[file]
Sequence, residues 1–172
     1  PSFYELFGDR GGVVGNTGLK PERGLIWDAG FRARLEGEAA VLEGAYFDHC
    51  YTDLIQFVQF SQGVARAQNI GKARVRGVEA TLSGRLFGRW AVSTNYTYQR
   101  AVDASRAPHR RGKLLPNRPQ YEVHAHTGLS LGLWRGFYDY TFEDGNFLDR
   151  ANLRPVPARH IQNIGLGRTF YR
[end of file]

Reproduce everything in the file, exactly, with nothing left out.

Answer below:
Sequence, residues 1–172
     1  PSFYELFGDR GGVVGNTGLK PERGLIWDAG FRARLEGEAA VLEGAYFDHC
    51  YTDLIQFVQF SQGVARAQNI GKARVRGVEA TLSGRLFGRW AVSTNYTYQR
   101  AVDASRAPHR RGKLLPNRPQ YEVHAHTGLS LGLWRGFYDY TFEDGNFLDR
   151  ANLRPVPARH IQNIGLGRTF YR